(iii) Spontaneous/active :           Passive

                                         (iv)       Intelligible        :     Sensible

                                  ―Concepts without intuitions are empty
                                 Intuitions without concepts are blind.‖

Analy    Analytic- Known in Self-Contradiction or Containment (its marks)           A Priori – Known outside Experience
 ynthe   Synthetic- Subject And Predicate related through intuition A               A Posteriori – Known After Experience
                      (not contained in the concept. ex. Apple is Ripe)
                                             Judgments
          Modalities       Necessary          Actual        Probable
          Evaluation       A priori           vs.           A posteriori
          Types            Analytic           vs.           Synthetic



Synthetic a priori – Reasoning which requires that universal formulas be applied to specific cases
                     Ex. math, science, geometry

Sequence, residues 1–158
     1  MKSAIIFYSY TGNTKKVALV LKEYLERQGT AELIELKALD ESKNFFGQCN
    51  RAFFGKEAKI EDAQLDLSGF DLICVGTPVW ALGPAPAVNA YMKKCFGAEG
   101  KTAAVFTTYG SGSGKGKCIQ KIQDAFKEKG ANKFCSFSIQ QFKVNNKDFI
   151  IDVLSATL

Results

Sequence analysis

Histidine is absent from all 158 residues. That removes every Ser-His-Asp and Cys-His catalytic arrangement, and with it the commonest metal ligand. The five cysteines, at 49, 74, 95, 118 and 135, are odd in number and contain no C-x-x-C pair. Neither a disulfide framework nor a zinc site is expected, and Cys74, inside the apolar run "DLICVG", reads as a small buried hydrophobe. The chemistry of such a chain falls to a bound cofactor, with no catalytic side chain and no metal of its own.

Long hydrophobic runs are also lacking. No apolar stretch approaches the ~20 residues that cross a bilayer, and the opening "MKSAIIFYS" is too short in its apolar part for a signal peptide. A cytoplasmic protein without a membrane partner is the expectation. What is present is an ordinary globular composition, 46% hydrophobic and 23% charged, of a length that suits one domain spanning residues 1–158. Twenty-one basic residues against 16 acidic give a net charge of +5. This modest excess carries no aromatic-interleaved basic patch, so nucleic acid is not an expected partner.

Transcendental Idealism

   -We can only know things through their appearances and our representations of them
Copernican Turn--> drawing a boundary between our representations and the “things in themselves”
     (So… in Kant’s theory we have no access to knowledge of “things in themselves”)


                                  Transcendental Aesthetic

                 -Given conditions which provide the possibility of all experience


                                         Pure Intuitions
              Space                                                     Time
Reasons it’s given a priori:                        Reasons it’s given a priori:
   (1) not an empirical concept                         (1) not an empirical concept
   (2) a priori representation                          (2) an a priori representation
   (3) defined by its limitations                       (3) has one dimension (successive)
   (4) has an infinite given magnitude                  (4) different times are part of the same
       -not a container (Newton)                            time (not a concept)
   (5) not a concept (all parts within itself)          (5) given as unlimited